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Sexual Abuse and Sexual Violence Awareness

last modified Feb 10, 2021 11:08 AM
Dispelling the myths, seeking support: In addition to the many other negative consequences of Lockdown has been an increase in the number of reports of domestic abuse. This includes rape, sexual abuse and sexual violence. Yet the beliefs surrounding them serve as a barrier to finding appropriate emotional support and advice and guidance, irrespective of whether a victim wishes to make a report.

The University Staff-Counselling Centre is there for all staff suffering from distress whatever its origins.  This includes rape and sexual offences, past or recent, whether or not reported. This service is non-directive, confidential, sensitive and non-judgemental. For more information about staff counselling, and to access a confidential self-referral, please see our information on Arranging Counselling

For more information on sexual violence or sexual assault from the Staff Counselling Centre see our page on Sexual Abuse and Sexual Violence Awareness

 It is important for all of us to challenge the misconceptions; rape, sexual abuse and sexual assault are illegal, never ok or justifiable and always the responsibility of the perpetrator/s.  The impact of these serious crimes can be devastating, widespread and long lasting. Many of the myths serve to suggest victim culpability, imply perpetrator entitlement, discredit a victim’s experience and encourage self-blame – all of which may worsen the outcomes for the victim, including damage to their mental health.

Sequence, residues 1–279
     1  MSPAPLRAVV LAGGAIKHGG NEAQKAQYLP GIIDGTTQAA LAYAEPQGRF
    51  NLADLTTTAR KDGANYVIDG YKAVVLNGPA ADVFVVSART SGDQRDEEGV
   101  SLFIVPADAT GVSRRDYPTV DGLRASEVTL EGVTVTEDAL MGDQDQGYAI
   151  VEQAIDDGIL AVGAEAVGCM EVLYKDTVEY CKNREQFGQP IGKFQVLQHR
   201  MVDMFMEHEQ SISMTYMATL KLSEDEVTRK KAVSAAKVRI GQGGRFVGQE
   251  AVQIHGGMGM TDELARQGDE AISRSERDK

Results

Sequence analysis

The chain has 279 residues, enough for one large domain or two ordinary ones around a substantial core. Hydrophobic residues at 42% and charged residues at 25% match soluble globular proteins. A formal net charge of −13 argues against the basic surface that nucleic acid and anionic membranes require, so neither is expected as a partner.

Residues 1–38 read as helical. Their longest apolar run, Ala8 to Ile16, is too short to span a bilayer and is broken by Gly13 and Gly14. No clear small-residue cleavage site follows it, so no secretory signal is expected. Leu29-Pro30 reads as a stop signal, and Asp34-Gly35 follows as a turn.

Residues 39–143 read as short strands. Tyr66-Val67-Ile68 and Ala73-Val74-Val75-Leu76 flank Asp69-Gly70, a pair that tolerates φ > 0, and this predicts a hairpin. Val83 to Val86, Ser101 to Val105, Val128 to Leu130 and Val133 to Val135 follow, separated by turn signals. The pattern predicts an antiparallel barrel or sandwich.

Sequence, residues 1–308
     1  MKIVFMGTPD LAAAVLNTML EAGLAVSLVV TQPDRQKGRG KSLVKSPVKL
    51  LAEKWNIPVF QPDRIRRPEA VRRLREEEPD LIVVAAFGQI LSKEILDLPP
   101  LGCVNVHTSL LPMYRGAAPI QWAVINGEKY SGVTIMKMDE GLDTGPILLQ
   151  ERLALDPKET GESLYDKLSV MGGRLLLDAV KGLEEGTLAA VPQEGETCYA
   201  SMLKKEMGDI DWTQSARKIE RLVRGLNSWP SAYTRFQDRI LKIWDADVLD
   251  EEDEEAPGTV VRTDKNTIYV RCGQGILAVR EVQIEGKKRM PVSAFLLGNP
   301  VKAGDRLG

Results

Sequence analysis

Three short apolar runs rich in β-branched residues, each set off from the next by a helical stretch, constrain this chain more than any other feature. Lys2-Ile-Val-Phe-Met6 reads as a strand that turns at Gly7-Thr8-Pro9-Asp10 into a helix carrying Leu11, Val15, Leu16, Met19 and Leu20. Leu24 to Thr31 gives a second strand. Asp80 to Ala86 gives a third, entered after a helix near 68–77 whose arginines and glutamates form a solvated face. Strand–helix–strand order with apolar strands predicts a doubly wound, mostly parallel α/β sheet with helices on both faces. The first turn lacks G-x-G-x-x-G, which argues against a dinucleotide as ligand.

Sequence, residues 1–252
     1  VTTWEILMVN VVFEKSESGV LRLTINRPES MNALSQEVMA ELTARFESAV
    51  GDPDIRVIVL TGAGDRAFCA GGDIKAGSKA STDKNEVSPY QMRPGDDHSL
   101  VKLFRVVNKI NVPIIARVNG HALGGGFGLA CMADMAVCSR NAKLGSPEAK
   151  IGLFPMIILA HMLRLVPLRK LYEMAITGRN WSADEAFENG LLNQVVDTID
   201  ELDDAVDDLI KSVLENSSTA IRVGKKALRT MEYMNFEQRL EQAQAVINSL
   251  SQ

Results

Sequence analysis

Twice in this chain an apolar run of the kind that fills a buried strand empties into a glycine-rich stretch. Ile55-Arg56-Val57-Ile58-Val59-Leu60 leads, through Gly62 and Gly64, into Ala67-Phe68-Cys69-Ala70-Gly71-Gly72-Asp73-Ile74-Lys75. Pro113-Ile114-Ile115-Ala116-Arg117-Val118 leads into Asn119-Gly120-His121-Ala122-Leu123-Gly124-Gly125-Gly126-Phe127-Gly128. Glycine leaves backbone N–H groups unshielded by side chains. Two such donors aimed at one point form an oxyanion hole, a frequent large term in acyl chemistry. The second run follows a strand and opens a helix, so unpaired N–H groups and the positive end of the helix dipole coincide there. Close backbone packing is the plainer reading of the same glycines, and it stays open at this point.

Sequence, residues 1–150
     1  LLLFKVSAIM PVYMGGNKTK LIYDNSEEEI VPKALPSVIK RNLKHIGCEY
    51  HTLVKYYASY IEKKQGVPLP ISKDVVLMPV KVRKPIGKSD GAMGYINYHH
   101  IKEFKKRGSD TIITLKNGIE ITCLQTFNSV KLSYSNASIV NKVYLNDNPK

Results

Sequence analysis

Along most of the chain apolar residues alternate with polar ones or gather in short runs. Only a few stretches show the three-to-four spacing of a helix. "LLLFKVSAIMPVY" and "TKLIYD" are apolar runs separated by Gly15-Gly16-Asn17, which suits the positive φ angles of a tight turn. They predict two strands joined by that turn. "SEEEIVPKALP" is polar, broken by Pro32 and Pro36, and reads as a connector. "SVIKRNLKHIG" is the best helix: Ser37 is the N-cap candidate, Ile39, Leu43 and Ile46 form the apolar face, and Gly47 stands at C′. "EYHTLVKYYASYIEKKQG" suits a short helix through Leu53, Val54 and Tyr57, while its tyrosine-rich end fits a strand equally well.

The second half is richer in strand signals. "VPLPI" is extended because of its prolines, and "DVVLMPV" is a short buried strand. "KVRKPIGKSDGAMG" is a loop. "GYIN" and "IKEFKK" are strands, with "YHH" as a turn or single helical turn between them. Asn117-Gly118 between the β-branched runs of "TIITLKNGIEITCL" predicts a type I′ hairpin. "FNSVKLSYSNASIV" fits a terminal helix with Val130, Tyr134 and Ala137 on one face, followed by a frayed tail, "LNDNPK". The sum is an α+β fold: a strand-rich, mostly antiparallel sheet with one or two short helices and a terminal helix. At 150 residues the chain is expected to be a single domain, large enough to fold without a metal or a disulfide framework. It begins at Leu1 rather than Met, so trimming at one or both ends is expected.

The Crown Prosecution Service recognises that our increasingly digital lives and consequent changes in culture and sexual behaviours (for example, meeting partners online, the culture of sharing explicit images) makes understanding and busting these myths and their implications even more urgent.

Here are just three of the many:

“You cannot be raped by your husband or partner” False

“If the victim didn’t scream, fight or get injured, it wasn’t rape” False

“The victim provoked rape and automatically provided consent by their dress/flirtatious behaviour” False

To see more common myths, please press on the link:

Rape and Sexual Offences - Annex A: Challenging Rape Myths and Stereotypes | The Crown Prosecution Service (cps.gov.uk)

The pervasive nature of these beliefs help to explain the reluctance of victims to report these crimes, especially given the challenges imposed by the ensuing invasive and distressing process and relatively low rate of prosecutions.

Follow this link for further information: Link

Sexual offences | The Crown Prosecution Service (cps.gov.uk)

For help, support and advice from external organisations, Follow this link:

 

 

 

Join our Staff Counsellor Kate Ahl for 4 workshops on different aspects of wellbeing. Each session includes relaxation sessions, slide presentation and interactive exercises.

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